In a past life, Richard Martin was a rock musician. His bands were among the more popular of the 1990s San Francisco -- a promo photo shows he and his band mates in matching white jump suits posing in the middle of Montgomery Street. But in the backstage of Martin’s own life, he’d turned down a dark corridor of drug addiction.
"A lot of drugs around then," reminisced Martin. "I think almost everybody in the band got strung out."
Martin’s battle with drugs landed him in jail over the years for shoplifting and drug possession - possession of a hypodermic needle.
"I stole a lot of things," Martin said. "But I mostly stole things you can immediately turn around for money, so cigarettes."
Eventually his life of addiction-fueled crimes turned him into a convicted felon. Even 15 years after getting clean, his past still lives with him.
"I always have to click that box that says ‘yes I’ve been convicted of a felony,’” Martin said. "I’ve never been able to get a job in the private sector."
In fact, Martin’s record as a convicted felon prevented he and his wife from adopting a child. And despite a master’s degree in English, his teaching credential was revoked once the authorities learned of his record.
"What they call the collateral consequences of being a felon have haunted me my adult life," said Martin, who now helps run a non-profit organization in Oakland that helps former convicted felons turn their lives around.
The kind of small-time crimes Martin committed in servitude to a drug addiction are the sort of crimes that would be redesigned as misdemeanors under Proposition 47, which will appear on the November ballot.
San Francisco District Attorney George Gascon co-authored the proposition as an attempt to reduce jail and prison populations, and to give drug addicts a chance to avoid hard prison time in favor of treatment.
"We need to deal with addiction," Gascon said. "And addiction cannot be cured by incarceration."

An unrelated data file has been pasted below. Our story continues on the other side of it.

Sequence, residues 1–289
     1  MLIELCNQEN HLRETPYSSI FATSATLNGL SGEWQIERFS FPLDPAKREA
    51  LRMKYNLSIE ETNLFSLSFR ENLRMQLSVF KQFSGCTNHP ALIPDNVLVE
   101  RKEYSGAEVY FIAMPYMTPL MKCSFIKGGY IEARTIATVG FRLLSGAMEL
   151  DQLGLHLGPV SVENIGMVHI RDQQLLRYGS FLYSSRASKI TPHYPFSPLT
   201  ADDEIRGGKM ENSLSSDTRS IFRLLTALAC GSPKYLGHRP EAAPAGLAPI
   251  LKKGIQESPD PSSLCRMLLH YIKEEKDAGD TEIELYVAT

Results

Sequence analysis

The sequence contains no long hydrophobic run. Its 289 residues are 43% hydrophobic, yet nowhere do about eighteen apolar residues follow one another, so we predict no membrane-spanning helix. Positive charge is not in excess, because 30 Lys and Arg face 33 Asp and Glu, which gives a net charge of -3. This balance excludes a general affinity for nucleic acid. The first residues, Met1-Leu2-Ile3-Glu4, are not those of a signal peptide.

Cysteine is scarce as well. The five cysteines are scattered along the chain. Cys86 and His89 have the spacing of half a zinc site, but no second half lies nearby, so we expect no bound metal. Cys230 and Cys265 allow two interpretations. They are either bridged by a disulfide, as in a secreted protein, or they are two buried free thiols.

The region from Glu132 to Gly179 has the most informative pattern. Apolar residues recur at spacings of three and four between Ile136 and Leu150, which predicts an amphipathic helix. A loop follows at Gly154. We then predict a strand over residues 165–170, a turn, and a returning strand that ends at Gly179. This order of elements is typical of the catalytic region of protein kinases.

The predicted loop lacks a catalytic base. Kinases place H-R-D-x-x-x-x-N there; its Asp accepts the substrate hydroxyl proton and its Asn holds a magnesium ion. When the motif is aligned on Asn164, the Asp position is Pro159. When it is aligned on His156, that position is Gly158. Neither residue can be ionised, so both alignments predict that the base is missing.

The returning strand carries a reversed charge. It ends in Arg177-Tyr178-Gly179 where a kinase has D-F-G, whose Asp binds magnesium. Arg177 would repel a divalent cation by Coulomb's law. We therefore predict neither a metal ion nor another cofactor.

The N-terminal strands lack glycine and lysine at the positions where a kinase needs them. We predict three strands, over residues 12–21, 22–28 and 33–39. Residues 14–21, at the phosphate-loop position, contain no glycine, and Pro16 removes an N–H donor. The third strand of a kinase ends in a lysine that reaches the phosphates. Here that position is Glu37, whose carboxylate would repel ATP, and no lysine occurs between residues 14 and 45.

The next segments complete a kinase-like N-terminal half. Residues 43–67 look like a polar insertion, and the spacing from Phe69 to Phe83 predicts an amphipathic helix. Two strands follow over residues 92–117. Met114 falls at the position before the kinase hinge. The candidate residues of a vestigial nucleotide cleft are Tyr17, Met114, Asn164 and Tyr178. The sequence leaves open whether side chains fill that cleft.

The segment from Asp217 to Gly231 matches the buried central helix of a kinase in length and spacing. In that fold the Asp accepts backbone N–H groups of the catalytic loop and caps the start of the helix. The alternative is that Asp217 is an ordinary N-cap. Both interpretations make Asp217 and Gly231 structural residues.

Prop 47 would re-designate crimes like shoplifting, drug possession for personal use, check fraud and petty theft under $950 as misdemeanors rather than felonies. Offenders could still serve up to a year in jail for convictions. Gascon said the proposition would not help felons with serious crimes on their records.
"If you have prior convictions for murder, sexual assault, rape, child assault," Gascon said. "Prop 47 will not give you any relief."
Gascon estimates 10,000 inmates serving time would be eligible to file for a reduction of their charges under the new law. While he admitted that could put a temporary strain on the state’s justice system, he said Prop 47 could eventually save the state up to $250 million a year in prison costs.
"We’re going to take the savings from our prison system and we’re going to put it into treatment for mental health, substance abuse," Gascon said.
Morgan Hill Police Chief David Swing, who heads the legal arm of the California Police Chiefs Association, said the passage of Prop 47 would be dangerous for the state. He said career criminals could exploit the law’s leniency to get away with habitual crimes.
"One of the things that 47 does that has some negative impacts is it removes prosecutorial discretion in the charging of crimes," Swing said.
Swing also doubts the proposition’s ability to steer addicts into treatment, saying the milder threat of a misdemeanor charge wouldn’t serve as big an incentive for criminals to opt for treatment. Ultimately, he said sentencing guidelines shouldn’t be left to a public vote.
"Is there an opportunity to have a robust and meaningful discussion around the topic of sentencing reform? Absolutely," Swing said. "But that discussion is best held in Sacramento."
Gascon said the state needs the thoughtful application of Prop 47 because the War On Drugs has proven a failure - resulting in prisons full of addicts scaling a slope of prison-schooled criminality.
"There’s a lot of signs that tell us incarcerating people that have mental health problems, have substance abuse problems doesn’t work," Gascon said.
Martin grinned at another publicity photo showing he and his band mates baring the serious expressions of rock stars. His gaze wandered to another photo - his own mugshot in the San Francisco Jail. He searched his thoughts for the words to describe Prop 47.
"Every voter who put this across would have a stake in the recovery of the people that they were sending to treatment," Martin said.